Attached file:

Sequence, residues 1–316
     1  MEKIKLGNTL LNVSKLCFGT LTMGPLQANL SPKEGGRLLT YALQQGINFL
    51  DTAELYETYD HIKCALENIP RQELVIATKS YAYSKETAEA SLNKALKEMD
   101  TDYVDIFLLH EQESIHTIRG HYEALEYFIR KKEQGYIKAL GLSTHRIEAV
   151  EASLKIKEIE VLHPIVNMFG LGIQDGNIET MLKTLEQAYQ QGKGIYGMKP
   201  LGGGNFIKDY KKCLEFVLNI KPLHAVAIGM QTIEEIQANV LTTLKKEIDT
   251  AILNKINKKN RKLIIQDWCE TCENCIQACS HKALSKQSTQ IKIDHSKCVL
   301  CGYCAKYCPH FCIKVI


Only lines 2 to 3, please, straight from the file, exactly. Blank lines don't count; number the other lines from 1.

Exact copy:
     1  MEKIKLGNTL LNVSKLCFGT LTMGPLQANL SPKEGGRLLT YALQQGINFL
    51  DTAELYETYD HIKCALENIP RQELVIATKS YAYSKETAEA SLNKALKEMD